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SOUTHERN CALIFORNIA JOB MARKET : CHALLENGES OF THE WORKING LIFE : ONWARD AND UPWARD : FIRST JOB : GETTING PAID IN POLITICS : Most Salaried Campaign Workers Volunteered at Start to Gain Vital Skills

September 18, 1988|KEITH LOVE | Times Staff Writer

"Wanted: Serious, dedicated individual willing to work 18-hour days, seven days a week. Starting pay is low, and employee may be asked to go off the payroll before project is finished. Housing accommodations may include sharing apartments and hotel rooms with other workers, including sleeping on the floor on occasion. If project succeeds, rewards could range from a pat on the back to a permanent job. If project fails, employee will have to share the blame and may never see deferred pay."

It is a good thing political campaigns never have to advertise, because that is what the ads would say if they were honest.

"It's a lot of young people working long hours at low pay and sometimes no pay," says Susan Estrich, manager of Democrat Michael S. Dukakis' presidential campaign.

Estrich, the first woman to manage a presidential campaign, is paid well for what she does--more than $50,000 a year. But she was once a lowly campaign worker, too, and she has some advice for anyone who wants to get a paying job in politics.

"You do it one of two ways, usually," says Estrich. "One way is to have a skill that a campaign has to have. Good example is someone who has advanced campaign events before. They get the permits, arrange for buses, set up the site for a speech. It's a very special skill.

"The other way is to start out as a volunteer, work very hard and hope you become part of the team effort and get put on the payroll."

That was the route for Pam Abel, a gregarious, energetic 22-year-old who works at Dukakis' campaign headquarters in Boston. Jammed into a tiny work space in the chaotic warren of offices near Chinatown, she helps members of the press keep up with the Dukakis schedule, get hotel rooms and reserve seats on the campaign plane.

Her telephone is ringing when she walks in the door before 9 a.m. and it is still ringing when she finally bails out sometime in the night. But she is so good at what she does that the campaign put her on the payroll in May after seven months of getting her for free.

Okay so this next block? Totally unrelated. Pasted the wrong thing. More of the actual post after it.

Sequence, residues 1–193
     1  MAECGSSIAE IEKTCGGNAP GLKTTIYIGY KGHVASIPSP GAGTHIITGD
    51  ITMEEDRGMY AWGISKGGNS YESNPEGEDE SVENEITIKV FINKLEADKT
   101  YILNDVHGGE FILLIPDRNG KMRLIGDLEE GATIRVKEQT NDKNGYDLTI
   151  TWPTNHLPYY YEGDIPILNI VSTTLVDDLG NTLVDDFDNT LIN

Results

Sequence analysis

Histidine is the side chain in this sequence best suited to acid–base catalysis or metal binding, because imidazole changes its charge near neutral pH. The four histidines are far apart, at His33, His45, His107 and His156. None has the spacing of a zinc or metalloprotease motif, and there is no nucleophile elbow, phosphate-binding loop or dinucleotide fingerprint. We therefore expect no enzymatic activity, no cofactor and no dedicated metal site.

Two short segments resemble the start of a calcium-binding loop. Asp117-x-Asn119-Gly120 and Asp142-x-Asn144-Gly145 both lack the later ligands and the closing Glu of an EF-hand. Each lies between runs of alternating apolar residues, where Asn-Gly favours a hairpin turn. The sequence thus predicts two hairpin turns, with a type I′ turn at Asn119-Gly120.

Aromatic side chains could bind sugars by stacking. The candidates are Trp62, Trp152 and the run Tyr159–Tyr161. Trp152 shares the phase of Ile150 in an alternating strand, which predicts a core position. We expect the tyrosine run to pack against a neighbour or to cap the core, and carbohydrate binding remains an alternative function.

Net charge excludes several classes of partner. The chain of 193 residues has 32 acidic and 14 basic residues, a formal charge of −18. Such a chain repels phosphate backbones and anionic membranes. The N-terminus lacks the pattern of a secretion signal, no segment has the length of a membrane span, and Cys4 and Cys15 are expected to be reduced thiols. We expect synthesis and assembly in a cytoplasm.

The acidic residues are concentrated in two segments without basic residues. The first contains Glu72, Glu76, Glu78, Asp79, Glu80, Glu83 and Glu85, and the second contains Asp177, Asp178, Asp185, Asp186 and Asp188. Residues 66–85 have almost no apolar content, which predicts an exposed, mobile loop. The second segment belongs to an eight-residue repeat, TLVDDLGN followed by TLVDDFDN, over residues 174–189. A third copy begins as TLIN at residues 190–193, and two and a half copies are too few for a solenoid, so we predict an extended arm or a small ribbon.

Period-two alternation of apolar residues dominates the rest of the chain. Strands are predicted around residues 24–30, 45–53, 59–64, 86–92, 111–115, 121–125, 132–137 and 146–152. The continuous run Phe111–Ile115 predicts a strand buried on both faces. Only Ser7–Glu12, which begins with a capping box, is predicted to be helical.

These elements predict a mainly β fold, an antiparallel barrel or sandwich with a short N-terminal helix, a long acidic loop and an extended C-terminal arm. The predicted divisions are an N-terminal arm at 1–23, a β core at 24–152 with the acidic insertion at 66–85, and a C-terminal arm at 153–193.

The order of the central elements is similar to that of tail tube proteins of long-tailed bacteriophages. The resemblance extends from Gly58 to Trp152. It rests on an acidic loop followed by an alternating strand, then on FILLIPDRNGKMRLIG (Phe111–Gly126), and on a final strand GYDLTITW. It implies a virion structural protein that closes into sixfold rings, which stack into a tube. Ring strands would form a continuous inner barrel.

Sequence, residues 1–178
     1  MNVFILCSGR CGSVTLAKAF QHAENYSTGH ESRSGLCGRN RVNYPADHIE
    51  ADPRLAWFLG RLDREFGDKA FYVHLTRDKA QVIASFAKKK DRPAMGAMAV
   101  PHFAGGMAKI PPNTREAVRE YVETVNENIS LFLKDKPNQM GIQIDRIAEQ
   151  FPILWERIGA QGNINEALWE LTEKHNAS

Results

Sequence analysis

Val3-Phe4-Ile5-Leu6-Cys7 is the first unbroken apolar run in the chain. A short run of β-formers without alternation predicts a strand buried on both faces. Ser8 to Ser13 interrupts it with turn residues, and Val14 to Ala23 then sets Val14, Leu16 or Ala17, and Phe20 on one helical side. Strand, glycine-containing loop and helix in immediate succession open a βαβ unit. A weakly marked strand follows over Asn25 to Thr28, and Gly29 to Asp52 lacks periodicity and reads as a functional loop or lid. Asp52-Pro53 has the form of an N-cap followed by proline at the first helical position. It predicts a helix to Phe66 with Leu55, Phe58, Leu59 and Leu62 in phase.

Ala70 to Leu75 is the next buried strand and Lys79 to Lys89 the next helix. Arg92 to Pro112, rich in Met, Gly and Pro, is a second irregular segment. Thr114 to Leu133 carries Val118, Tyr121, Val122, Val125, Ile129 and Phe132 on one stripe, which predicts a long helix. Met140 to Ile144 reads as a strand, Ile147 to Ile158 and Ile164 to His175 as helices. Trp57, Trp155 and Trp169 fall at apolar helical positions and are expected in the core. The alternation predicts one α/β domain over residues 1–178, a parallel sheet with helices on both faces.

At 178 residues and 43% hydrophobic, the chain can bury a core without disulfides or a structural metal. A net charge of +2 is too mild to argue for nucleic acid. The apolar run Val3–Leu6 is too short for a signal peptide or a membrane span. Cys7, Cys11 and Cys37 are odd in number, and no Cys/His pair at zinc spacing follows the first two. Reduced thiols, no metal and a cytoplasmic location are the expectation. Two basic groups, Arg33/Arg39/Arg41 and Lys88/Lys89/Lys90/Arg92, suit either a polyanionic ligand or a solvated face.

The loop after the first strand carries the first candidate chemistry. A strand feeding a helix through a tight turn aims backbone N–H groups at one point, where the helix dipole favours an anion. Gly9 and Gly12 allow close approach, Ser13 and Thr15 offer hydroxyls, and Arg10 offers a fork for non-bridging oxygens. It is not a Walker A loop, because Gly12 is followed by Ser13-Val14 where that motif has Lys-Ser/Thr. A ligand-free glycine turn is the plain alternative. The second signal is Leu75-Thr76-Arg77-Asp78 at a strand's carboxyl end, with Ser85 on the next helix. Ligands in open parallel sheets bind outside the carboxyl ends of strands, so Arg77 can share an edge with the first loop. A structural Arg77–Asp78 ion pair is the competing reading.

"It's crazy, it's exhausting, but I love it," Abel said recently as she worked frantically to coordinate Dukakis' travel arrangements with those of his running mate, Texas Sen. Lloyd Bentsen.

How did she get the job?

"When I was in school at Colgate," Abel explains, "I worked for Sen. George Mitchell of Maine. I got to know some people in his office. So, when I graduated I asked them for advice, and they knew somebody in the Dukakis campaign, and I wound up coming to Boston."

If Abel is lucky, she will wind up like Karen Kapler, a 32-year-old Iowa native who recently moved to Los Angeles.

Kapler worked in Iowa Democratic campaigns as a youngster and became executive director of the Iowa Democratic Party in the early 1980s. In 1984, she helped out in California Sen. Alan Cranston's presidential campaign.

Two years later, at 29, she finally got to run her own show. She managed the 1986 gubernatorial campaign of Florida lawyer Steve Pajcic, who won the Democratic nomination but lost in the general election.

Now Kapler is the Southern California campaign director for Proposition 100, one of the initiatives on the November ballot that could change the rules on car insurance.

California is the land of ballot initiatives, and some of them draw millions of dollars in campaign funds, thus creating sizable payrolls. They are an excellent way to get paid to learn politics. Jobs include answering the phone, recruiting volunteers, handing out leaflets and putting up lawn signs.

For example, Proposition 104, the so-called no-fault insurance initiative, did a lot of hiring all summer at monthly salaries ranging from $2,500 to $4,000. Of course, the pay stops on election day, Nov. 8.

Because of campaigns' long hours, stress and financial insecurity, the day-to-day grind is a young person's game for the most part, according to Kapler.

"When you get older, you either have to get out or go into consulting," says Kapler. "As a consultant, your situation is a little more stable, and if you're good at it, so is your income."

Consultants are the most highly paid people in politics. Many of them are based in Washington but advise campaigns all over the country.

Alan Arkatov, 26, got lucky. He landed a job running the West Coast office for one of the hottest political consulting firms in the country: Doak, Shrum & Associates of Washington. The firm has managed winning campaigns for Cranston, Mississippi Gov. Ray Mabus and San Francisco Mayor Art Agnos, among others.

"Moving up the ladder in political campaigns is like dominoes," says Arkatov. "You just keep rolling one job into the next."

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